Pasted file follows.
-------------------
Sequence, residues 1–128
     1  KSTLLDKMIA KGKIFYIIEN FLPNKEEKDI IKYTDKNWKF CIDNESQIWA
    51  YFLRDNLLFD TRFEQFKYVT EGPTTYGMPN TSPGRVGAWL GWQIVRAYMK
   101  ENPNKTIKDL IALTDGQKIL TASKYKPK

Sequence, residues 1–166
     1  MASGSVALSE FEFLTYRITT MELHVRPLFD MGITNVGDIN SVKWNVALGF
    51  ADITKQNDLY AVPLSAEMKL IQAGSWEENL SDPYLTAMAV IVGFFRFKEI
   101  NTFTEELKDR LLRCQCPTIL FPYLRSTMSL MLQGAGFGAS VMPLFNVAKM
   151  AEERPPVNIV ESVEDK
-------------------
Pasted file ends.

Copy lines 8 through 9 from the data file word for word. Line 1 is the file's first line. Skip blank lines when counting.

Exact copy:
   101  NTFTEELKDR LLRCQCPTIL FPYLRSTMSL MLQGAGFGAS VMPLFNVAKM
   151  AEERPPVNIV ESVEDK